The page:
The fictional family mirrors her own at the time, the illustrations featuring the yellow and white kitchen cupboards of their London home.
Kerr used tigers at a London zoo as models for her feline creation.
Next was "Mog the Forgetful Cat" (1970), the first in what became a 17-book series about the antics of a mischievous, egg-loving moggy inspired by her own pet.
"Goodbye Mog" (2002) was meant to be the last offering -- broaching the subject of death with the much-loved cat departing for heaven. But supermarket chain Sainsbury's persuaded Kerr to produce one more in 2015: "Mog's Christmas Calamity".
Proceeds of the last book were for Save the Children's work on child literacy, and a TV advert was the first to feature Mog in animation with Kerr herself also making a cameo appearance.
In her illustrated story "My Henry" (2011) -- for children and adults -- an elderly lady fantasises about adventures with her late husband, such as climbing Mount Everest, hunting lions, and riding dinosaurs.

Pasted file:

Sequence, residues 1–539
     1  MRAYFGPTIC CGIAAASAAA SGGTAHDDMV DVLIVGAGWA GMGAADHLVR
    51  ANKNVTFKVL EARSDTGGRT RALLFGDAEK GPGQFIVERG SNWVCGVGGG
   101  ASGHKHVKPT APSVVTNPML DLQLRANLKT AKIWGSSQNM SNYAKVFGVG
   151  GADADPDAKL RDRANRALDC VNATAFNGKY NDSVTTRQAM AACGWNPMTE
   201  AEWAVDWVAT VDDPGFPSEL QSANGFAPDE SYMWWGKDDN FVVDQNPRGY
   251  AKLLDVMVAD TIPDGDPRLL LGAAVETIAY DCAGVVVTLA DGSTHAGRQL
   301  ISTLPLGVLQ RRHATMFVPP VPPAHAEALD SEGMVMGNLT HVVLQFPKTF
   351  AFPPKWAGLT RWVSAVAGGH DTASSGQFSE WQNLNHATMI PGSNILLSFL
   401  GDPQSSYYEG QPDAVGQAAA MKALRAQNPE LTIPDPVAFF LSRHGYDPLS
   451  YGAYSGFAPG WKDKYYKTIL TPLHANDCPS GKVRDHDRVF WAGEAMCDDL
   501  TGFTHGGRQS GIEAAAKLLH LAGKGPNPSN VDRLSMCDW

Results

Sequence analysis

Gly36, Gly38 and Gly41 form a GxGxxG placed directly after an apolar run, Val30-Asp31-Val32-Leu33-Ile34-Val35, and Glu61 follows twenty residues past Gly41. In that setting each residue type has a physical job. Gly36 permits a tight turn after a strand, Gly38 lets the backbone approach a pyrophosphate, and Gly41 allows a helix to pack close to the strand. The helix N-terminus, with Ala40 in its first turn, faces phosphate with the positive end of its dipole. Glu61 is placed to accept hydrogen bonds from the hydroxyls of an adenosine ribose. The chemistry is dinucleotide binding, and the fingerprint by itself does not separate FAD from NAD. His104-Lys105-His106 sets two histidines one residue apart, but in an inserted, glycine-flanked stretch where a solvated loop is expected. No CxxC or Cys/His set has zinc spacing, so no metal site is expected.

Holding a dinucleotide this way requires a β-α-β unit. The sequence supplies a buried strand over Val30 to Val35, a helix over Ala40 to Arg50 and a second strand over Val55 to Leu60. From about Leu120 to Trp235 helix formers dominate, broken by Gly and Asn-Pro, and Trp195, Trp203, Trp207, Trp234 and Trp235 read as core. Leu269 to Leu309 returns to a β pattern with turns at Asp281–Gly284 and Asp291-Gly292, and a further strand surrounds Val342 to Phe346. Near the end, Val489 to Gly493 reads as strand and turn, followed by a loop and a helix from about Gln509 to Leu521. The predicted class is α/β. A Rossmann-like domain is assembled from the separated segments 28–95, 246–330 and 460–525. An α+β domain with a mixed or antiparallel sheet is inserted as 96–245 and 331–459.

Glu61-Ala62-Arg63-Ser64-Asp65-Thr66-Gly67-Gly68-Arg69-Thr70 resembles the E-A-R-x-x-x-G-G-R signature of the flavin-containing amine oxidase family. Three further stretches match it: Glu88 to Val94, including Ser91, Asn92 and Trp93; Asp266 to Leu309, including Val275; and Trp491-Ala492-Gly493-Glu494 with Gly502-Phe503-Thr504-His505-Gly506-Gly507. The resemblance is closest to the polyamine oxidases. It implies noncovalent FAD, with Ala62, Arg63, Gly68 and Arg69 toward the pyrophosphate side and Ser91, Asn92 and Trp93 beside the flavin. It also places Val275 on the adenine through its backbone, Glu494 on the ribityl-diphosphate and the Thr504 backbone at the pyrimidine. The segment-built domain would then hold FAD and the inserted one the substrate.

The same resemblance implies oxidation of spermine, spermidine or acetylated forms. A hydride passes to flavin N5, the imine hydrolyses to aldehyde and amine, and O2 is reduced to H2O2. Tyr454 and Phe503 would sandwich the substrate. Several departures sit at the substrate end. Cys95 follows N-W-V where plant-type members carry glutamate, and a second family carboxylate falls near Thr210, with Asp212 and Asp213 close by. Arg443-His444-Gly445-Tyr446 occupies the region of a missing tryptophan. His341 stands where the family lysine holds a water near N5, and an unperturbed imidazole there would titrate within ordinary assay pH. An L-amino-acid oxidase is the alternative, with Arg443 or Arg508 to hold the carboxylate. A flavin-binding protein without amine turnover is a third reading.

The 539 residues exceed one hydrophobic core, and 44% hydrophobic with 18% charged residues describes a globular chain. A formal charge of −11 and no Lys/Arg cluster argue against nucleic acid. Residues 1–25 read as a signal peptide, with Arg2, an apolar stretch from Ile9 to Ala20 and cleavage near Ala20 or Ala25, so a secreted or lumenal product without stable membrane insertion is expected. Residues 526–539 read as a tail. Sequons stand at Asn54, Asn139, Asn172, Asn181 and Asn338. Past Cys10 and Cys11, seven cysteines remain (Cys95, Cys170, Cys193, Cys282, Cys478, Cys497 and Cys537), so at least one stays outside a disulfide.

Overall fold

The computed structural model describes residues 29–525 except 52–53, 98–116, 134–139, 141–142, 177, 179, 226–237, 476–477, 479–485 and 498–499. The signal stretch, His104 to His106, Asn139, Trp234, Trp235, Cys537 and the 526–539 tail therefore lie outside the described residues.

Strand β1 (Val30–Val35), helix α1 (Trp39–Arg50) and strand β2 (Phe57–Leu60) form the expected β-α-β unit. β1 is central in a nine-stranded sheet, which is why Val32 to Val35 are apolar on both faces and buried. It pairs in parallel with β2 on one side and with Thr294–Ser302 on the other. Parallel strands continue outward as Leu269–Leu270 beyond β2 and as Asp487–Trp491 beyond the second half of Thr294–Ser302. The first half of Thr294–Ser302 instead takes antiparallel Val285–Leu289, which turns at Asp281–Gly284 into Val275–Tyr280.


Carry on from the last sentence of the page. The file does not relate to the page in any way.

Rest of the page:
Kerr dedicated the book to her husband Thomas Nigel Kneale, a respected screenwriter who died in 2006. The couple met at the BBC, where they both worked, and married in 1954.
Commenting on the book in 2011, The Telegraph wrote: "For all the depth of underlying emotion, there's a celebratory feel to it, an unfeigned lightness of spirit that, throughout her life, has been a great boon.
"It has helped her cope with widowhood just as it allowed her to get over the loss, exile, penury and frustration of her early life."
In 2012 Kerr was awarded an OBE (Order of the British Empire) for services to children's literature and Holocaust education.